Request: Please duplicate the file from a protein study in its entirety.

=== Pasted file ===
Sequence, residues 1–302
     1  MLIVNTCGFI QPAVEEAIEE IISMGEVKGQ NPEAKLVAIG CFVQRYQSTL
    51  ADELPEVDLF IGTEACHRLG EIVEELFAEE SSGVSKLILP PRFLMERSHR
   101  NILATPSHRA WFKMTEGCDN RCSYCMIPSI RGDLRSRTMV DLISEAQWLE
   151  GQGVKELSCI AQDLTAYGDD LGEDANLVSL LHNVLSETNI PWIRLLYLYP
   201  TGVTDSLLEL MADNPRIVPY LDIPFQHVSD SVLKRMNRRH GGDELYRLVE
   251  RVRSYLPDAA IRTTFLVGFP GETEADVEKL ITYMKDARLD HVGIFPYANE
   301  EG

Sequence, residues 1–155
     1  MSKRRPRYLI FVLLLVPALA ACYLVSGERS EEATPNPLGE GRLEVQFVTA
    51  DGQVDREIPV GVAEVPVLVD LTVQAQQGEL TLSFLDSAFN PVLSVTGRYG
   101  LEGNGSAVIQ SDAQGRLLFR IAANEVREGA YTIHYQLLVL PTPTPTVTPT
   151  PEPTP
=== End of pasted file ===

Sequence, residues 1–302
     1  MLIVNTCGFI QPAVEEAIEE IISMGEVKGQ NPEAKLVAIG CFVQRYQSTL
    51  ADELPEVDLF IGTEACHRLG EIVEELFAEE SSGVSKLILP PRFLMERSHR
   101  NILATPSHRA WFKMTEGCDN RCSYCMIPSI RGDLRSRTMV DLISEAQWLE
   151  GQGVKELSCI AQDLTAYGDD LGEDANLVSL LHNVLSETNI PWIRLLYLYP
   201  TGVTDSLLEL MADNPRIVPY LDIPFQHVSD SVLKRMNRRH GGDELYRLVE
   251  RVRSYLPDAA IRTTFLVGFP GETEADVEKL ITYMKDARLD HVGIFPYANE
   301  EG

Sequence, residues 1–155
     1  MSKRRPRYLI FVLLLVPALA ACYLVSGERS EEATPNPLGE GRLEVQFVTA
    51  DGQVDREIPV GVAEVPVLVD LTVQAQQGEL TLSFLDSAFN PVLSVTGRYG
   101  LEGNGSAVIQ SDAQGRLLFR IAANEVREGA YTIHYQLLVL PTPTPTVTPT
   151  PEPTP